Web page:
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The New Zealand Railways Magazine, Volume 9, Issue 6 (September 1, 1934)


The subject of this historical sketch cannot, perhaps, be described as famous, strictly speaking. The Rev. Benjamin Yate Ashwell, pioneer of missionary work in the Waikato, was not so well known or so much written about as the great Williams brothers of North New Zealand, and Bishop Selwin and Bishop Pompallier, John Hobbs and James Buller. But his courage and devotion to duty, and his strenuous efforts for peace and civilisation in a savage land entitle him to the remembrance and gratitude of both races in the country he helped to redeem from barbarism. It is appropriate that his life and labours should be recalled just now when the centenary of mission enterprise in the Waipa district is being celebrated. The first missionary visitors established a post on the Waipa in 1834, and Mr. Ashwell founded Te Awamutu station in 1839.

The Rev. B. Y. Ashwell.

The Rev. B. Y. Ashwell.

TRavellers by train through the Waikato country cannot but have admired the beauty of that great sweeping bend of the river at Taupiri, where the ranges on east and west step back steeply to give passage to the noble waterway. The railway line curves along the river-edge on the eastern side, below the sacred burial hill where the bones of the family of Maori kings and their chieftains of the past lie in “the place of a hundred wailings.” Behind this tapu hill rises in graceful lines the mountain of Taupiri, famous in mythology and poetry. On the opposite side of the broad Waikato, brimming to its willow-fringed banks, is a level tract of farming land, a Maori cultivation, and beyond the green range of the Hakarimata goes up in steep slants, ferny on the lower slopes, forested on the summits and in the gullies. Here on the levels once stood the large village, or rather town, called Kaitotehe, which a century ago was the headquarters of old Potatau te Wherowhero and his Waikato tribes, the Ngati-Mahuta and kindred clans. On the gently sloping ground yonder, near the base of the range, is the spot where “Te Ahiwera,” as the Maoris called him, the Rev. B. Y. Ashwell, built his mission house at the beginning of the Forties.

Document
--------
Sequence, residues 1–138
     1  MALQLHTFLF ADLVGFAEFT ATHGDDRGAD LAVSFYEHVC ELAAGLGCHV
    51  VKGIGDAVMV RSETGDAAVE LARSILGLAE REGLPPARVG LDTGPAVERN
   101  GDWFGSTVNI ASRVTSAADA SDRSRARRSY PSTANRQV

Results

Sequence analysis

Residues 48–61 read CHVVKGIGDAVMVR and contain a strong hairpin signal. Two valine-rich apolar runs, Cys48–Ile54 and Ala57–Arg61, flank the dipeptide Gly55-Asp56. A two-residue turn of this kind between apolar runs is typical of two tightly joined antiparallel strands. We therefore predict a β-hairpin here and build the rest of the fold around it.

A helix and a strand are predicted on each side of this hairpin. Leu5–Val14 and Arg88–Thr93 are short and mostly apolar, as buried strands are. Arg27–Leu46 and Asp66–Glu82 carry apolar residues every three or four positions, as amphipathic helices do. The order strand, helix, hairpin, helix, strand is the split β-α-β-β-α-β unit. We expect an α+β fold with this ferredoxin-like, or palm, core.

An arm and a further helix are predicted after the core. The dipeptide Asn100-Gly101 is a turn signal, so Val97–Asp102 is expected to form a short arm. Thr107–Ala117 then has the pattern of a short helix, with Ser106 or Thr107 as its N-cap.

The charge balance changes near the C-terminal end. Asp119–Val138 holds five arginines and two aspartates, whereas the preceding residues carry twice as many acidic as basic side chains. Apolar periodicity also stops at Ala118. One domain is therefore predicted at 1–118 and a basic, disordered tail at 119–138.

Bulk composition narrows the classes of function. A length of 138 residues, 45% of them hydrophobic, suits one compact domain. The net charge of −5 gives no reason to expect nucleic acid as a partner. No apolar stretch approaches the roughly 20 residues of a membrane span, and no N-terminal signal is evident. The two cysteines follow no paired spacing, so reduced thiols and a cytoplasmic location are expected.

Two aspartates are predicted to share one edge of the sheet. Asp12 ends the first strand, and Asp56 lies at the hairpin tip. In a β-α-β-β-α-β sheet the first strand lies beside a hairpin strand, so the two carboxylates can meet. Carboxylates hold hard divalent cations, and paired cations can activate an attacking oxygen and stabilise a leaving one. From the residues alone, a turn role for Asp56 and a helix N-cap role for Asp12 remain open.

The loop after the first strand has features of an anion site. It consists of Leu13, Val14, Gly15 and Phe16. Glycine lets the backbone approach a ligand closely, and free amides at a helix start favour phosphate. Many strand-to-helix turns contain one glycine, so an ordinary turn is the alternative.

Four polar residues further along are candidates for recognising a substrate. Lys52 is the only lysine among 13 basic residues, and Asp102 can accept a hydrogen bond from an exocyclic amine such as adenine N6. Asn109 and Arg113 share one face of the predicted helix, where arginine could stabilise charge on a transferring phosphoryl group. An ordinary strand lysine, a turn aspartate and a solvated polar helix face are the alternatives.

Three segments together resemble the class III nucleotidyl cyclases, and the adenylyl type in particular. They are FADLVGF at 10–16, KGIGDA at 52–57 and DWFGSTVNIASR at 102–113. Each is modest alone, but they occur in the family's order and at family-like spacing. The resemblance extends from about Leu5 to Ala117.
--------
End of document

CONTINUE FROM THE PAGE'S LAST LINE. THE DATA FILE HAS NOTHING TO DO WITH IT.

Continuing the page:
The station, with its boarding-school for Maori boys and girls, has long since disappeared; the Waikato War brought ruin to all this benevolent enterprise; but among the very old people who live on the historic banks of Waikato-taniwharau, the name of “Te Ahiwera” lingers in reverent memory. Here and there survives an ancient of the race who was taught in the mission school by Ashwell and his wife in the days when all this good land of Waikato was purely Maori, and when flotillas of great canoes plied up and down the broad shining river.